Clinging to what is good should be the choice each Christian makes.

 

Through the renewal of our mind, which can only happen through a transformational relationship with Jesus Christ, we can begin to see the good in the world. Some believe it’s difficult to see the good when we are blasted constantly with negative news, courtesy of the media. Maybe that’s because bad news travels faster than the good. There is a common saying in the journalism business which is, “If it bleeds it reads.”

How would you describe true love?

“I was hungry and you fed me, I was thirsty and you gave me a drink, I was homeless and you gave me a room, I was shivering and you gave me clothes, I was sick and you stopped to visit, I was in prison and you came to me”—Matthew 25:34-36 (MSG).

Dear God

If you were asked to describe true love, how would you answer? Look up the synonyms for love in a thesaurus and you’ll find the following words close in meaning: affection, appreciation, devotion, emotion, fondness and friendship, along with several others. But these are man’s words.

I like the definition for love found in God’s Holy Word: “Love is patient, love is kind. It does not envy, it does not boast, it is not proud. It is not rude, it is not self-seeking, it is not easily angered, it keeps no record of wrongs. Love does not delight in evil but rejoices with the truth. It always protects, always trusts, always hopes, always perseveres. Love never fails” (1 Corinthians 13:4-8a).

 If we don’t love, how can we, as Christians, be the light He calls us to be in the world?

From a secular viewpoint, love is often associated with the physical aspects of a relationship and the expression of that love through gifts such as candy, flowers and cards as seen on Valentine’s Day. While there’s nothing wrong with these things, from a Biblical perspective, true love is found in the spiritual. True love is not just between a man and a woman but is found in all of our relationships when we seek a higher calling.

Are You Letting the Lord Direct Your Steps?

“A man’s mind plans his way, but the Lord directs his steps”— Proverbs 16:9 (RSV).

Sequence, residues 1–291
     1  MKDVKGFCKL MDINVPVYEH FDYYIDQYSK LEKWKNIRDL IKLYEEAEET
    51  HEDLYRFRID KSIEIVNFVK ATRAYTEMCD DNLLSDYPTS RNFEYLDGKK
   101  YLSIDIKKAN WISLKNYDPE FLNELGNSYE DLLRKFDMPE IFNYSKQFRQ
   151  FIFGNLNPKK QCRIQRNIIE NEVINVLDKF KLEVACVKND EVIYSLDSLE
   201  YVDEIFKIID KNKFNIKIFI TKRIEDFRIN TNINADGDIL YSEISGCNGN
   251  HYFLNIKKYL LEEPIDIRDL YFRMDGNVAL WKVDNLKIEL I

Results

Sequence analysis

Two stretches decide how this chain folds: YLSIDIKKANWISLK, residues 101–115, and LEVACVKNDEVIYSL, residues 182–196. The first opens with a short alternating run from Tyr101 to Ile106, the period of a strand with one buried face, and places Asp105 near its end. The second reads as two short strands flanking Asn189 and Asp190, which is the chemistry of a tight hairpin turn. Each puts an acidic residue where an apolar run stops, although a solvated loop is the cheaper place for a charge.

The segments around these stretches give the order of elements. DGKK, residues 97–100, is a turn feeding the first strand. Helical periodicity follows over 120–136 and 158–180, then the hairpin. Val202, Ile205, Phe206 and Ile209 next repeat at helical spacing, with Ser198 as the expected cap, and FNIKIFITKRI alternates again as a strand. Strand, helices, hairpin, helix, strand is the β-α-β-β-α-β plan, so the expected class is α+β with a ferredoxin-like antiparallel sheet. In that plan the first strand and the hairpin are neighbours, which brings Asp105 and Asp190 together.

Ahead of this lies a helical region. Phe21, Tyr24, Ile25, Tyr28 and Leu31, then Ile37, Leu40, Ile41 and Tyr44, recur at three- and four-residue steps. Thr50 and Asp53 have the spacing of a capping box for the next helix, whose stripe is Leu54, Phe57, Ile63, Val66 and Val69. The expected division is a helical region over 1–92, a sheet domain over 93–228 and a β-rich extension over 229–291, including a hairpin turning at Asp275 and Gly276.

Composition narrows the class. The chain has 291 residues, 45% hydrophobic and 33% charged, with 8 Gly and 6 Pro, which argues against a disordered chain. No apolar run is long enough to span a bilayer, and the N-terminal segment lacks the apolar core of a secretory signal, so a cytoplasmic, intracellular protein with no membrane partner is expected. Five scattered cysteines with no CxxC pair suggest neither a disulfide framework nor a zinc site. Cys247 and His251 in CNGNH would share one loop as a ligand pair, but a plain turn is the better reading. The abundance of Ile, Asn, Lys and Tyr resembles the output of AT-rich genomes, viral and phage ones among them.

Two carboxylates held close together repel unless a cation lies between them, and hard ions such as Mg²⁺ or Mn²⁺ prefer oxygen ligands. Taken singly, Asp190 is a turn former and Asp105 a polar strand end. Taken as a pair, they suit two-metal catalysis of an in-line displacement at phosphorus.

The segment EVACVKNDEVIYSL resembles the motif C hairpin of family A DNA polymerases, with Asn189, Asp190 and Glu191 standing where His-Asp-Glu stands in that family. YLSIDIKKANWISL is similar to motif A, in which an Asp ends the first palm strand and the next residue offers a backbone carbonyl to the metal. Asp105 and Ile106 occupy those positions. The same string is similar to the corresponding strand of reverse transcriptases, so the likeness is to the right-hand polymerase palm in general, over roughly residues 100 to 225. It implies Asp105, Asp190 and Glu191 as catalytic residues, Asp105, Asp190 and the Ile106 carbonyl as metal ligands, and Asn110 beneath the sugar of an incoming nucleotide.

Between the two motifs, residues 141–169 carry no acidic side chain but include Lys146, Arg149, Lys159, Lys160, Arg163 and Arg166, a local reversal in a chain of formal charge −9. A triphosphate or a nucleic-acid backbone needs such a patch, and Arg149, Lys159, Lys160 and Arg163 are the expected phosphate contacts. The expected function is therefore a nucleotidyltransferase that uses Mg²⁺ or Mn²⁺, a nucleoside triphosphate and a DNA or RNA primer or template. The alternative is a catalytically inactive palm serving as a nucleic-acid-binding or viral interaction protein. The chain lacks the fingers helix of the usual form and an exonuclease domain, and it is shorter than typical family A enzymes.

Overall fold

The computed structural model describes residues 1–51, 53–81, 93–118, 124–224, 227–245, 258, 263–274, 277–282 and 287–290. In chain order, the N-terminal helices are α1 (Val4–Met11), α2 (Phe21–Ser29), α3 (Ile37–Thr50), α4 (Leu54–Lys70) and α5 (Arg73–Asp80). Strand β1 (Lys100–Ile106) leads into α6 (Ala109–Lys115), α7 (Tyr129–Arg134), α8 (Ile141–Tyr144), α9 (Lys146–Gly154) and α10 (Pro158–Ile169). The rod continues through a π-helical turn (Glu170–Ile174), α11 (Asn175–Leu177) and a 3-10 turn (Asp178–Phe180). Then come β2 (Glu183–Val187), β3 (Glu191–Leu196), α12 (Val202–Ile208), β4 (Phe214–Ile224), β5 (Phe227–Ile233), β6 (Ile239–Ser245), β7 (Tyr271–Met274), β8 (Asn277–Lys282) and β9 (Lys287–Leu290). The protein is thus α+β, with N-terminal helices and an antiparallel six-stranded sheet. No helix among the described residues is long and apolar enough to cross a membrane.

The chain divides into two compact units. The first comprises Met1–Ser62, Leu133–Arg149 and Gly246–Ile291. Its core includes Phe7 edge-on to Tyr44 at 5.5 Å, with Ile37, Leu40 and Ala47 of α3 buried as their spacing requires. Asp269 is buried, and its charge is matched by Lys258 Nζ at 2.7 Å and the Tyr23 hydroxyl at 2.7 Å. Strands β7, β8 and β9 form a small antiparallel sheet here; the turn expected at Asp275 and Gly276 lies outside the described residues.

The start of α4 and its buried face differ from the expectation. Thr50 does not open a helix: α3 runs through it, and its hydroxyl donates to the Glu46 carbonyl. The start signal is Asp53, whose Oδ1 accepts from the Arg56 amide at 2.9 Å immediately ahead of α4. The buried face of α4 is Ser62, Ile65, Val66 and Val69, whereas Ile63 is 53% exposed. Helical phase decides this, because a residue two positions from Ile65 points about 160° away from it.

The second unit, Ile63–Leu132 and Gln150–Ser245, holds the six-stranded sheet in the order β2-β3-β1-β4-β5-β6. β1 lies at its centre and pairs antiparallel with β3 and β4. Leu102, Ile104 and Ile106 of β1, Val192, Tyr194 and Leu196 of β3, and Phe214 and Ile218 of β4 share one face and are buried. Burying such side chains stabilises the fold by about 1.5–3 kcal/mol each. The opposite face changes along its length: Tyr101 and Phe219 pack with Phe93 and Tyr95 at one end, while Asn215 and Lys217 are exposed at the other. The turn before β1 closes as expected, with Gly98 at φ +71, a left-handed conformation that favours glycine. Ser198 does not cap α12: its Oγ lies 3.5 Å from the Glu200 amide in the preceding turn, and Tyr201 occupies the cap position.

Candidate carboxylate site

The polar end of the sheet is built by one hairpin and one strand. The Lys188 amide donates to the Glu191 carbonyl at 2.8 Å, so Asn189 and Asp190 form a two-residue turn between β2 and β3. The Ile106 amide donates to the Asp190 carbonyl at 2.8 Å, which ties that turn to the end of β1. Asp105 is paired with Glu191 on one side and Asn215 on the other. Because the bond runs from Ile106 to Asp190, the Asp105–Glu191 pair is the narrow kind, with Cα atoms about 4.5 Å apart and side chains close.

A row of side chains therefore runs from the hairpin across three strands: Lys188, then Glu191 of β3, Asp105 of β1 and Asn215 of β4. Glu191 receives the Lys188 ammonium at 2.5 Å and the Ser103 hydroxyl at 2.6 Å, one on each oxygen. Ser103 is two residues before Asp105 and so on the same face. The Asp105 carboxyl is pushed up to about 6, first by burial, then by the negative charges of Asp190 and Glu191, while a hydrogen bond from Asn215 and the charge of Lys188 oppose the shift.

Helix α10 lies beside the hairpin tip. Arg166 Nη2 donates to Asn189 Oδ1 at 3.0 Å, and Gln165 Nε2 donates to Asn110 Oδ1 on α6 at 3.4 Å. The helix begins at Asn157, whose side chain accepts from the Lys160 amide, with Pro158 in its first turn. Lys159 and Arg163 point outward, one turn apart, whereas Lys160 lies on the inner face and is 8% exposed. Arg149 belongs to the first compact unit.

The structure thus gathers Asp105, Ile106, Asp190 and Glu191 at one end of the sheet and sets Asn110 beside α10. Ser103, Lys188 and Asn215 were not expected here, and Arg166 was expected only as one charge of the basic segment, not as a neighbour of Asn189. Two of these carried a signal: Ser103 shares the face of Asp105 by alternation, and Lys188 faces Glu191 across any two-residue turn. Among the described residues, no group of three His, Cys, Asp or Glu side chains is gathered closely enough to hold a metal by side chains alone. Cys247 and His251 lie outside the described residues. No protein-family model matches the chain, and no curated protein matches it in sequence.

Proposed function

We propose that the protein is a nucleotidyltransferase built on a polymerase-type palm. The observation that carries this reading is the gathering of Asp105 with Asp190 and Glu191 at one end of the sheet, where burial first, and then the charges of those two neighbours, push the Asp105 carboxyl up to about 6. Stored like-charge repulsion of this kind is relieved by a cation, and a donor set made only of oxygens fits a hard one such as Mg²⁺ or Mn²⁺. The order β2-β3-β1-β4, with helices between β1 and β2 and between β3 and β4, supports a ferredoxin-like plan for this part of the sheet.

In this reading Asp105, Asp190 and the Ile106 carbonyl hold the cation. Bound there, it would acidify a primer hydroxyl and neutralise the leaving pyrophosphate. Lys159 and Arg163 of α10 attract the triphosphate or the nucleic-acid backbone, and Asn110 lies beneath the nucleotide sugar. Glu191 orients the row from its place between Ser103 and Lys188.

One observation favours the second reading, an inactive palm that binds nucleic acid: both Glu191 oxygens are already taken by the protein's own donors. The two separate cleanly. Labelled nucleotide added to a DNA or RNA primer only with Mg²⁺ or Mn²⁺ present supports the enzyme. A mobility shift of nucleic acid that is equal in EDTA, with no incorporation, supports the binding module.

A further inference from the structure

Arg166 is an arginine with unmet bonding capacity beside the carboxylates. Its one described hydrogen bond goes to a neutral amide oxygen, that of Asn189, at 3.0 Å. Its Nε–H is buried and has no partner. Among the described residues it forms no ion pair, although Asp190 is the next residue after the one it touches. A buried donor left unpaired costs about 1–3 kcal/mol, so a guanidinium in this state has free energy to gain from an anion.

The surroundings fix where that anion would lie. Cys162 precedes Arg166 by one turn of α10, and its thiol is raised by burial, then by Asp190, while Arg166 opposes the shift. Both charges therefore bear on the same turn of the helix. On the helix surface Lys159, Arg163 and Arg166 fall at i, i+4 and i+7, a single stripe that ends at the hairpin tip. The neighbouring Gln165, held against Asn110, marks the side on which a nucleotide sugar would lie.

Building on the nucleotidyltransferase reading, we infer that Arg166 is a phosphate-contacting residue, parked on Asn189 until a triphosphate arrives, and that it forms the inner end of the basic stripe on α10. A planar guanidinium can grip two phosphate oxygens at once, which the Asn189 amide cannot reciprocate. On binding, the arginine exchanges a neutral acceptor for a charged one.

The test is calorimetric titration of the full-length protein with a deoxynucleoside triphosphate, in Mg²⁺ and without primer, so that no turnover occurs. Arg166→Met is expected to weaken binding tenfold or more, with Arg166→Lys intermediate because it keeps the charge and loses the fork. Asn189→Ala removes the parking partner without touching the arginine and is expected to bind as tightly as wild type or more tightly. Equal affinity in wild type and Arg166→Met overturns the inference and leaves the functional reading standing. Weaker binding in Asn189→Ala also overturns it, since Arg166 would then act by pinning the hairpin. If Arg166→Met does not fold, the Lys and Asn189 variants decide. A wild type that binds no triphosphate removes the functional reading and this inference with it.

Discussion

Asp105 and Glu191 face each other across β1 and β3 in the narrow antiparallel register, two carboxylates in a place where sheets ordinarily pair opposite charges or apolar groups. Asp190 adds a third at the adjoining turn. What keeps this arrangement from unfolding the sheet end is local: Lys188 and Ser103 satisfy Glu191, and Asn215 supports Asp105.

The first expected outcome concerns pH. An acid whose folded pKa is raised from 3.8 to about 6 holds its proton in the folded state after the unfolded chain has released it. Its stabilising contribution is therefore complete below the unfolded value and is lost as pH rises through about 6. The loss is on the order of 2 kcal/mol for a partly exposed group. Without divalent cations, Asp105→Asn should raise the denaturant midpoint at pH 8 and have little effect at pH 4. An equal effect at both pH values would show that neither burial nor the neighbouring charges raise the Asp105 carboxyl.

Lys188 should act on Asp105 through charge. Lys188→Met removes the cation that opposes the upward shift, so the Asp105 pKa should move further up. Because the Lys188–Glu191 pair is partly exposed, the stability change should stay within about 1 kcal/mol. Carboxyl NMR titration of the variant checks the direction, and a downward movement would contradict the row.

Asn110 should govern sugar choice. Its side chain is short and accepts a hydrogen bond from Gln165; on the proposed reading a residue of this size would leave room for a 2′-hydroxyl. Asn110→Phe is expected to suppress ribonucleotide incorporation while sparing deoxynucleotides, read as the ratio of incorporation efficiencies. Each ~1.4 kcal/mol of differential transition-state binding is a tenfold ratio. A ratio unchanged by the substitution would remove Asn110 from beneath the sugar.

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Have you ever wondered why you’re at a specific job, living in a particular place, how you ended up married to a certain person or even why on Earth you’re here? If you’ve ever had questions like these and didn’t have the answer, maybe it’s because the Lord was directing your steps.

Sometimes, it’s only by looking back years later that the answer is revealed to us. Other times, we experience an “AHA” moment.

In 1971, when I enrolled in college, my plans were to pursue a degree in elementary education. When I sat down to discuss classes with my assigned advisor, he said, “You’re going to have a difficult time finding a job after graduation because there are too many elementary education majors.”

His statement led me to change my major to secondary education with an emphasis in English, my favorite high school class. While I’d never taken a journalism class, I decided to enroll in one the first semester as an elective. I loved it and eventually changed my major to journalism education with a minor in English. After teaching for several years at the high school level, I came to realize it was God’s plan all along. Although I’ve been retired from education for 10 years, I still stay in touch with, and am able to minister to, many of my former students.

If Jesus understood God’s plan for His life, shouldn’t it be your goal to let the Lord direct your steps also?

Recently, a friend shared with me about her sister’s “AHA” moment when God revealed to her why she was at a particular job. Webster’s dictionary defines an “AHA” moment as a moment of sudden realization, inspiration, insight, recognition, or comprehension. My friend’s sister had been questioning why she was there until she was led to minister to a fellow employee who was distressed about a family member’s pending incarceration. My friend’s sister could relate because she, too, has a family member who is incarcerated.